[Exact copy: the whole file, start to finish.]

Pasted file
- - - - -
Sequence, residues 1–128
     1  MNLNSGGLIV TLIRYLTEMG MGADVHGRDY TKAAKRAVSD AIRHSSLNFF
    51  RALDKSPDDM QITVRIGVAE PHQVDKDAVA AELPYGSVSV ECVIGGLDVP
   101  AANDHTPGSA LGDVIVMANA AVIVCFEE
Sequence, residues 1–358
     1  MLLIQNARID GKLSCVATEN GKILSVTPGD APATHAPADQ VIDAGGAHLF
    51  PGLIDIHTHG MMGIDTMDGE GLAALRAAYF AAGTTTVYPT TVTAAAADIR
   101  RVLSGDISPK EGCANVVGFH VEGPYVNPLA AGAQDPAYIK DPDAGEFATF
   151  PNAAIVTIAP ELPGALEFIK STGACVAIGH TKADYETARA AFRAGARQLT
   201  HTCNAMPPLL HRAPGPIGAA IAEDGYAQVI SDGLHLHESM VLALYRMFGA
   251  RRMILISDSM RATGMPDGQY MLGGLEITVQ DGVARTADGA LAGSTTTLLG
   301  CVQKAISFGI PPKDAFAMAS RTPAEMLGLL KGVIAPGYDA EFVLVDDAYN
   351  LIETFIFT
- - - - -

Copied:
Sequence, residues 1–128
     1  MNLNSGGLIV TLIRYLTEMG MGADVHGRDY TKAAKRAVSD AIRHSSLNFF
    51  RALDKSPDDM QITVRIGVAE PHQVDKDAVA AELPYGSVSV ECVIGGLDVP
   101  AANDHTPGSA LGDVIVMANA AVIVCFEE
Sequence, residues 1–358
     1  MLLIQNARID GKLSCVATEN GKILSVTPGD APATHAPADQ VIDAGGAHLF
    51  PGLIDIHTHG MMGIDTMDGE GLAALRAAYF AAGTTTVYPT TVTAAAADIR
   101  RVLSGDISPK EGCANVVGFH VEGPYVNPLA AGAQDPAYIK DPDAGEFATF
   151  PNAAIVTIAP ELPGALEFIK STGACVAIGH TKADYETARA AFRAGARQLT
   201  HTCNAMPPLL HRAPGPIGAA IAEDGYAQVI SDGLHLHESM VLALYRMFGA
   251  RRMILISDSM RATGMPDGQY MLGGLEITVQ DGVARTADGA LAGSTTTLLG
   301  CVQKAISFGI PPKDAFAMAS RTPAEMLGLL KGVIAPGYDA EFVLVDDAYN
   351  LIETFIFT